“The United States Attorney’s Office for the District of Columbia, along with its law enforcement partners, is aware of reports of violence, including assaults, threats, and property damage, against members of the press while they were engaged in covering events unfolding at the United States Capitol on January 6,” Sherwin said in a statement on Tuesday. “Such violence will not be tolerated. We are resolutely committed to upholding the freedoms guaranteed by the First Amendment, including speech, peaceful assembly, and press, and we will investigate, prosecute, and hold accountable anyone who attempts to obstruct or curtail these freedoms through violence or intimidation.”

The federal charges come as the Democrat-led House of Representatives prepares to vote on an article of impeachment against President Trump for “incitement of insurrection” this week, alleging that Trump “engaged in high Crimes and Misdemeanors by inciting violence against the Government of the United States” and “willfully made statements that, in context, encouraged — and foreseeably resulted in — lawless action at the Capitol.” Members pointed to a speech he delivered to a crowd on Wednesday, specifically quoting him telling his supporters that “if you don’t fight like hell, you’re not going to have a country anymore.”

Trump, who long refused to concede the race to President-elect Joe Biden, responded briefly during comments to the press outside the White House on Tuesday morning.

“As far as this is concerned, we want no violence, never violence, we want absolutely no violence. And on the impeachment, it's really a continuation of the greatest witch hunt in the history of politics. It's ridiculous. It's absolutely ridiculous,” Trump said. “This impeachment is causing tremendous anger, and you're doing it, and it's really a terrible thing that they're doing. For Nancy Pelosi and Chuck Schumer to continue on this path, I think it's causing tremendous danger to our country, and it's causing tremendous anger.”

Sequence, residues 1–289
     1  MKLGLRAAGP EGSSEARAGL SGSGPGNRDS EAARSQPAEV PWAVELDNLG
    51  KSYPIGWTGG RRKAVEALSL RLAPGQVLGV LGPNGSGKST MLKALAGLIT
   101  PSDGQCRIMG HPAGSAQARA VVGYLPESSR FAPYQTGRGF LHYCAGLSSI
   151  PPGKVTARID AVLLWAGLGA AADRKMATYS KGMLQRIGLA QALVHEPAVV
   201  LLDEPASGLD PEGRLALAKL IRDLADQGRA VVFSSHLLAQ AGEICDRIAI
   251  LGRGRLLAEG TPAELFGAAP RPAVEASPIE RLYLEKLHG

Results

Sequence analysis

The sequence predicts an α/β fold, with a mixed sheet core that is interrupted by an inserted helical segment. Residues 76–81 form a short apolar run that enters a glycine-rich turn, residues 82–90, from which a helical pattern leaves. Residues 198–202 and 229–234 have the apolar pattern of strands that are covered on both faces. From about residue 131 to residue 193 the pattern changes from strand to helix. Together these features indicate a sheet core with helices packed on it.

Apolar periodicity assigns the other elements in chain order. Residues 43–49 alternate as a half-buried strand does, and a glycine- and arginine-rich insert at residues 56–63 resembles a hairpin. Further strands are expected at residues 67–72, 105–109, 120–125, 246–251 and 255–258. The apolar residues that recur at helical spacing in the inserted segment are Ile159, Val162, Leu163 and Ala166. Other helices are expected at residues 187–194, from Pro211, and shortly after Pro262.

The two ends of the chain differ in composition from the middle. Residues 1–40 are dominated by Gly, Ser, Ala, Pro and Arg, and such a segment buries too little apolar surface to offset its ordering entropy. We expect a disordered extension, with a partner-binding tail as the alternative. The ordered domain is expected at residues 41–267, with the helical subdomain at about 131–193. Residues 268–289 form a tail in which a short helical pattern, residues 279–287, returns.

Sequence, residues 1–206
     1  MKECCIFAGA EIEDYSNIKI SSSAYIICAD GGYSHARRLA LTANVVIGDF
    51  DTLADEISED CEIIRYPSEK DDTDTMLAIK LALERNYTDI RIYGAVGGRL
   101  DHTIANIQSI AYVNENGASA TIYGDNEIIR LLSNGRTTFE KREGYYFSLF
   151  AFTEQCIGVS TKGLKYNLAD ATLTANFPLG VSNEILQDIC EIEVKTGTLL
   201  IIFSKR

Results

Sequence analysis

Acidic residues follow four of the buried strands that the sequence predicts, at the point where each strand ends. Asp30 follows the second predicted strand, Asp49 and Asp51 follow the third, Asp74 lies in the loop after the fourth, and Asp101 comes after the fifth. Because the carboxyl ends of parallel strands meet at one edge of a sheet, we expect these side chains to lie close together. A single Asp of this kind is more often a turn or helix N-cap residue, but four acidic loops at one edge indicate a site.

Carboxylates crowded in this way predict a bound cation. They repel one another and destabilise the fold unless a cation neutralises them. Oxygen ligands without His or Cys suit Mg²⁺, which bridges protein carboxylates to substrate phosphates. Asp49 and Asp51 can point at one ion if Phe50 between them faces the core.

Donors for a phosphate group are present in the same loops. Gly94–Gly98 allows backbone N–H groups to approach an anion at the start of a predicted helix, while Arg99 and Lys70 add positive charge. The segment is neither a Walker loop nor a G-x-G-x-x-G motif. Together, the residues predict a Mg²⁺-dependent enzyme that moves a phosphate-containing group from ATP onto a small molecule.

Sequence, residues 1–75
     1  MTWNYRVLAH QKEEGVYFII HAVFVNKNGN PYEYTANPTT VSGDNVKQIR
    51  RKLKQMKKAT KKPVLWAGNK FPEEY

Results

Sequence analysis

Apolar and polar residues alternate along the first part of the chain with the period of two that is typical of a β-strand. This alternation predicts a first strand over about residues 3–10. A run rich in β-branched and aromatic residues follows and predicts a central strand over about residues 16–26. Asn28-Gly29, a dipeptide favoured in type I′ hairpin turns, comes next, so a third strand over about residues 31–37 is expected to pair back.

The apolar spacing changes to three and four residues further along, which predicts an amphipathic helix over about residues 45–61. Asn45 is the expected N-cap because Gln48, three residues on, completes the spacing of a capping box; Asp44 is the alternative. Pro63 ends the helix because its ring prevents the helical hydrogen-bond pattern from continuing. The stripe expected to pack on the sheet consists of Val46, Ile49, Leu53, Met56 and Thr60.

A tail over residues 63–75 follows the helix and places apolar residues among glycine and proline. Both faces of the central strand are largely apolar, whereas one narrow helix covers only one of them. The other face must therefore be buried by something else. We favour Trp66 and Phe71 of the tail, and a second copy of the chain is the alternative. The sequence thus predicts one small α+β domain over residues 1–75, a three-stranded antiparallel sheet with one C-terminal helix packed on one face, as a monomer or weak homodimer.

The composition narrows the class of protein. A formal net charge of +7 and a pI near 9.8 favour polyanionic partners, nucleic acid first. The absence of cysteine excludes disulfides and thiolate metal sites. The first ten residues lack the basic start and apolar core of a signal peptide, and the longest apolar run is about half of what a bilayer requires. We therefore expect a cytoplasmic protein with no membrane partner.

Capitol Hill Police Officer Brian Sicknick died Thursday night “due to injuries sustained while on-duty” after he was “injured while physically engaging with protesters,” according to Capitol Police. A federal homicide investigation has been opened into his death. Four other people died as a result of the chaos at the U.S. Capitol on Wednesday.

Acting Attorney General Jeffrey Rosen condemned the “violent mob” who “stormed” the Capitol in a Friday statement, adding that “the Department of Justice will spare no resources in investigating and holding accountable those responsible.”

Trump exhorted a crowd in the many tens of thousands to march on Capitol Hill as Congress was set to conduct the task of counting each state’s certified electoral votes. Pandemonium erupted when hundreds sought to enter, pressing past barricades and clashing with police. Once inside, lawmakers and media hunkered down or fled while the hordes roamed through the building and ignored orders from police to leave.

A woman killed by law enforcement, 35-year-old Ashli Babbitt from California, was an Air Force veteran and Trump supporter who was shot while trying to climb over a barricade as a crowd tried to break down a door in the Capitol. Police said three others had various medical emergencies and died during the chaos at the Capitol Building, and that 56 officers were injured amid the unrest.